Regulator in Estonia penalizes crypto companies
The blockchain and crypto industry has been going through a tough time lately, with many governments around the world increasing their regulations on this sector. One such government is that of Estonia, where the authorities have been extremely strict, leading to a significant reduction in the number of licensed crypto service providers. In this article, we will take a closer look at the reasons behind Estonia’s crackdown on crypto companies.
1. The background to Estonia’s anti-money laundering measures
The Estonian government’s increased regulations on the blockchain and crypto industry have come as a result of the rise in money laundering activities on these platforms. Criminals have been using this industry for their illegal activities, which has made it even more important for the government to take measures to prevent this. As such, the Estonian Financial Intelligence Unit (FIU) has made it more difficult for money launderers to use these platforms to launder funds. The FIU has made it mandatory for crypto companies to monitor the origins and destinations of all transactions, as well as the identity of their customers.
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2. New rules for crypto companies in Estonia
CoinDesk reports that Estonia’s government believes that crypto companies need to start acting more professionally. These firms must hold more capital and be active as a company within Estonia. This new requirement means that crypto companies must have employees within Estonia. The government has made it clear that it will no longer tolerate “hippie-like” crypto projects that are not meeting regulatory requirements.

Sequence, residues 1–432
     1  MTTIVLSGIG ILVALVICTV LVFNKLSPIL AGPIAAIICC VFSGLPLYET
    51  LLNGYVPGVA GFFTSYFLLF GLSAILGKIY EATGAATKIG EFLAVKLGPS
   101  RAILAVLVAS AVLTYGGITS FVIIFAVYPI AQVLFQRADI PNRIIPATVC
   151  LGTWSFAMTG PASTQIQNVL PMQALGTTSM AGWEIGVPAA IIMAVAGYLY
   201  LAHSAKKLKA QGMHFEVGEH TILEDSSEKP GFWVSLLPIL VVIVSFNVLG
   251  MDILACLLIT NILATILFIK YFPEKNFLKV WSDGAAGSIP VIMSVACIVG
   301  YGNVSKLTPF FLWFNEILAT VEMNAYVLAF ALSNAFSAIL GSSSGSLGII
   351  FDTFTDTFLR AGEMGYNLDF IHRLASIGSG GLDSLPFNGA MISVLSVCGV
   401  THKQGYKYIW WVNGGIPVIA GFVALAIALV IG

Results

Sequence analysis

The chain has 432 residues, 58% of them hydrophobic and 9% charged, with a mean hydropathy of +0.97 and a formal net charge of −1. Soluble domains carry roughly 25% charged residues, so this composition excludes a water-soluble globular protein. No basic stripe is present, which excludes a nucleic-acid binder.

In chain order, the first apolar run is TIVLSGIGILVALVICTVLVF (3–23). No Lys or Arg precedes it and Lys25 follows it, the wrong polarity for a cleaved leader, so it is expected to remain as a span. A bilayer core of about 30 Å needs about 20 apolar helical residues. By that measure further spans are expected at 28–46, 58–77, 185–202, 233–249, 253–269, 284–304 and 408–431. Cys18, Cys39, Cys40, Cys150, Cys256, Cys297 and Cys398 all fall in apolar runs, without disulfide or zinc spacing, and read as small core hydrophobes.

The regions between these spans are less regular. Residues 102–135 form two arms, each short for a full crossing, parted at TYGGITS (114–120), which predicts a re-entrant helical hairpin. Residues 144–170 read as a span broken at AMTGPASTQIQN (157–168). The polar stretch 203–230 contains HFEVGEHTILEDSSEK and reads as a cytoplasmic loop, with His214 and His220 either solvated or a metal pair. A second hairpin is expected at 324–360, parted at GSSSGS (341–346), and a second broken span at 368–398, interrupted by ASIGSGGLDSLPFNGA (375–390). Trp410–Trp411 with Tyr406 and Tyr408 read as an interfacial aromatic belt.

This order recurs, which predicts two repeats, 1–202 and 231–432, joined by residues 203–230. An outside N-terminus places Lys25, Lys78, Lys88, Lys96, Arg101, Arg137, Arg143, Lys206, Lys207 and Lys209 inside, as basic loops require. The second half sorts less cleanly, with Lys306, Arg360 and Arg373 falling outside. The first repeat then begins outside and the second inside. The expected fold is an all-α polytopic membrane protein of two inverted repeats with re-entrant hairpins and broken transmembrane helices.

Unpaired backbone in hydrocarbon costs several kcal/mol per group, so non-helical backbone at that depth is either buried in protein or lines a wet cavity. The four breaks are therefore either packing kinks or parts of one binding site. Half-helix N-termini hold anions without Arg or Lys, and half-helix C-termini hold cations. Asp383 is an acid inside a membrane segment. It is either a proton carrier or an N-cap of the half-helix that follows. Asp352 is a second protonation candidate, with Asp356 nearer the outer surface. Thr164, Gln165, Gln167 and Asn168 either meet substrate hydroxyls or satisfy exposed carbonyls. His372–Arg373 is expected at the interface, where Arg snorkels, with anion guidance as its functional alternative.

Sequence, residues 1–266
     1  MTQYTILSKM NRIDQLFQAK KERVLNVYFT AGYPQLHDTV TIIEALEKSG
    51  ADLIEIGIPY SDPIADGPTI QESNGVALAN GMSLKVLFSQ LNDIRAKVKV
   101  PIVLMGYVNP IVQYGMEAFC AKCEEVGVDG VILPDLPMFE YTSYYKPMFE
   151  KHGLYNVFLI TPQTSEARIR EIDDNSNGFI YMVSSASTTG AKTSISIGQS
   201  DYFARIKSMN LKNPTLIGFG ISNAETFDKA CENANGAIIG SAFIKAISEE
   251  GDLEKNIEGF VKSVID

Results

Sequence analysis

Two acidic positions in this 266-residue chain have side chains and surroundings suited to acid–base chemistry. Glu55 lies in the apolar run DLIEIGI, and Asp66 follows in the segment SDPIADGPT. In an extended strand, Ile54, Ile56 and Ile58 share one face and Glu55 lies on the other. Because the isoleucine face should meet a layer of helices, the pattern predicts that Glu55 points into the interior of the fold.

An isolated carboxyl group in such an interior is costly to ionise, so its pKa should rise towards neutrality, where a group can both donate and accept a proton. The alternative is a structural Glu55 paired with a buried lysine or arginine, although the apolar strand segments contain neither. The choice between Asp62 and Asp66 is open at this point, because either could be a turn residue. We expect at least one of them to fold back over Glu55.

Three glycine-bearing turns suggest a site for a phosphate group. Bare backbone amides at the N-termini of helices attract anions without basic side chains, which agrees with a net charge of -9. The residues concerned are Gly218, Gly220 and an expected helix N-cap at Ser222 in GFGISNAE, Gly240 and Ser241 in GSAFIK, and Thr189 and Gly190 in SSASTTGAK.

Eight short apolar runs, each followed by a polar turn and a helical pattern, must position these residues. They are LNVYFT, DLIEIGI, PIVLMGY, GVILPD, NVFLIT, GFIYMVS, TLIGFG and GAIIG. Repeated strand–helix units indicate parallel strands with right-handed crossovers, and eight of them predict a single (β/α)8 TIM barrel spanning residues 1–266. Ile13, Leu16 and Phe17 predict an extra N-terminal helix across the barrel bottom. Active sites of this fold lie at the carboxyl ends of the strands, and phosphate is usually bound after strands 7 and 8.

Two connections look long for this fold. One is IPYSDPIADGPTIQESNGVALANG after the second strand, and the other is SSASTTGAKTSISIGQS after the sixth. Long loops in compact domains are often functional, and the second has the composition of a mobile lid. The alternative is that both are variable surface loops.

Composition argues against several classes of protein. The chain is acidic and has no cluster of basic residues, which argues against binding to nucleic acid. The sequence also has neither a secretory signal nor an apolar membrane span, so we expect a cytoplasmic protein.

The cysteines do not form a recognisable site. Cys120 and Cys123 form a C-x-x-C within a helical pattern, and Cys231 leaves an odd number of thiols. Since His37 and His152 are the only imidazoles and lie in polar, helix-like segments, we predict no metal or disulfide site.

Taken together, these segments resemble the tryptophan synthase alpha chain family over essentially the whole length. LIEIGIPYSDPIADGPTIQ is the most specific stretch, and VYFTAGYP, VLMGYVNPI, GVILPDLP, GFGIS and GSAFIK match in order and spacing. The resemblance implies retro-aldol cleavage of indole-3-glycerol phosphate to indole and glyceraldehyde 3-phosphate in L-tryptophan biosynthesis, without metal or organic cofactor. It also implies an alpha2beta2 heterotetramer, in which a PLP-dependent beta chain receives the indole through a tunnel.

3. Consequences of the new regulations
The Estonian government’s strict stance on crypto companies has led to a significant reduction in the number of licensed service providers. As of May 1, only 100 companies were licensed in Estonia, which represents an 80% decrease in the number of licensed crypto service providers. Almost 200 companies withdrew their licenses, and the FIU also revoked about 200 licenses because they did not meet the requirements. The offshoring of crypto firms to other countries has been seen as a significant issue, which has led to bankruptcies of companies such as the Belgian Bit4You, who was a customer of an Estonian company that lost its license.
4. Regulations in the European Union
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Estonia is a member of the European Union, which means it will soon have to comply with the Markets in Crypto-Assets (MiCA) legislation. While these laws are generally viewed as constructive for the crypto industry, the Estonian government has taken it a step further to regulate this sector, making it a significant challenge for crypto companies based within its jurisdiction.
Overall, Estonia’s stricter regulations indicate that many governments around the world are taking the blockchain and crypto industry more seriously. The rise in money laundering activities on these platforms has led many governments to take measures to prevent this, and Estonia is just one of many nations taking a more rigorous approach to regulation. Crypto companies that want to succeed in this industry must be prepared to adapt to changing regulations and demonstrate their professionalism to the authorities.